You simply must visit South Africa

By Philip Wagenaar
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by Philip Wagenaar, first of three parts

“You now have to set your watch one hundred years back,” the captain announced as the plane descended toward the Johannesburg airport.

This is a picture of Hector Pieterson, the innocent black boy who was shot in Soweto on June 16, 1976. I photographed this enlargement in Johannesburg at the Hector Pieterson Museum in Orlando West, Soweto, which was built in memory of the 566 people who died that day. Photo: Wagenaar

Just a few weeks earlier a screaming headline in the newspaper The Cape Times had proclaimed, “Never would a colored heart beat in a white neighborhood.” A Jew had just received a colored man’s heart in the second transplant performed by Prof. Christiaan Barnard at Groote Schuur Hospital in Cape Town. Had the recipient survived, he would have been unable to live anywhere in South Africa.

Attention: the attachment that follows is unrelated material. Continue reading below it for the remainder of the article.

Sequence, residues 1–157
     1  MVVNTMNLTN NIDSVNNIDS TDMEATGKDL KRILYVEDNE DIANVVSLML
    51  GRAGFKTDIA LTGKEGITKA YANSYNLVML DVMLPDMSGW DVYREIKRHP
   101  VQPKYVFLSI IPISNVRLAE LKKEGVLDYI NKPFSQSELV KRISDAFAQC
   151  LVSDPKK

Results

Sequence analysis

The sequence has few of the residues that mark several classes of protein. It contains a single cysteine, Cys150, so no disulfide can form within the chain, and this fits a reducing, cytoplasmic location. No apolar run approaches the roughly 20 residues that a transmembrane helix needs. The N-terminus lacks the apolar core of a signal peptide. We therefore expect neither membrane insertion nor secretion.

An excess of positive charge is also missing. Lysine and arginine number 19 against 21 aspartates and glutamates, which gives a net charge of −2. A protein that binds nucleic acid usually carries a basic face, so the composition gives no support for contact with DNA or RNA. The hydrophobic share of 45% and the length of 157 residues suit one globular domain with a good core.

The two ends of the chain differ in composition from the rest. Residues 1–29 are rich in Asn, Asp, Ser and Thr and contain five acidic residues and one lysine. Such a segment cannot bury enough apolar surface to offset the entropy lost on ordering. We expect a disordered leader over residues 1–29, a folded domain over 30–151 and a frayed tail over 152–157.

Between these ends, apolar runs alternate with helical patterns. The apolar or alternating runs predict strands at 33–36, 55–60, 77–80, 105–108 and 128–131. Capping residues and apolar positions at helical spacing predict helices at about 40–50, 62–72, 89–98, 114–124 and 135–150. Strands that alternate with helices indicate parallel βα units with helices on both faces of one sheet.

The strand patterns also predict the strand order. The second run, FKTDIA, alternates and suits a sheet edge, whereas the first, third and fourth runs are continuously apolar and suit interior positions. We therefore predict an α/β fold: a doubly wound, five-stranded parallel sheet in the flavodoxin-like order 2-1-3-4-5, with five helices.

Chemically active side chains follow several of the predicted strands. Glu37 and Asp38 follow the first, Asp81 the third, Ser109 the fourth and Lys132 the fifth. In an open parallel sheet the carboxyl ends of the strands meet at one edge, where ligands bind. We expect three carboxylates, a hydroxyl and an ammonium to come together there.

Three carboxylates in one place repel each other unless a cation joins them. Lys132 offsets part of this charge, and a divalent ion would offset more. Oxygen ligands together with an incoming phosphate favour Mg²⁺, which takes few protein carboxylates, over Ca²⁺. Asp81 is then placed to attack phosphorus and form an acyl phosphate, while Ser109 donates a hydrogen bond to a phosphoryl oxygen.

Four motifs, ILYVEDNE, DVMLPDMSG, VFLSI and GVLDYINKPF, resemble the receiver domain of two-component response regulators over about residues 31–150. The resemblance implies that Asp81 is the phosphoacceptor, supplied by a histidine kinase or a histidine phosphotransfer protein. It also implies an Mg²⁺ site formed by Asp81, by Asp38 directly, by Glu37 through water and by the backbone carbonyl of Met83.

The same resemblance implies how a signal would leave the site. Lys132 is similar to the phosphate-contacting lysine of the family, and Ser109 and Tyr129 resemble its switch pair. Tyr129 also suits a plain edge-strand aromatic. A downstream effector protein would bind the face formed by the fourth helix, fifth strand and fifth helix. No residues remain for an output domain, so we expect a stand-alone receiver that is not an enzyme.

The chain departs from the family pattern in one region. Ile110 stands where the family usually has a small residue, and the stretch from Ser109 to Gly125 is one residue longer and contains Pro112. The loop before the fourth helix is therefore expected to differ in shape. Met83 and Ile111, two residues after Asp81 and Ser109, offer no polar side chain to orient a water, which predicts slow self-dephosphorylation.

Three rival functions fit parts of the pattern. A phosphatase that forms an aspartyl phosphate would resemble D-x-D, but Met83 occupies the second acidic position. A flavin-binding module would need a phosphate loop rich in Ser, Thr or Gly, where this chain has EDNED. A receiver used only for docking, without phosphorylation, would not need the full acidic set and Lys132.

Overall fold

After all, it was 1971 and apartheid was rife. Races were segregated. Blacks and coloreds lived in townships under indescribable conditions, and the hated “pass laws” allowed only people who worked in a municipality access to it. As a result, many families were separated.

In addition, households were disrupted if one of its members happened to look darker than the others. If in doubt about the color, the so-called pencil test determined where a person would live. If it stuck in the curly hair rather than falling out, the person would be considered black and had to reside in the black township.

In 1971, Flory and I rented a car and drove for three weeks through South Africa. Starting in Johannesburg, we traveled via Kruger Park and Swaziland to Durban. From there, we drove along the coast to Cape Town.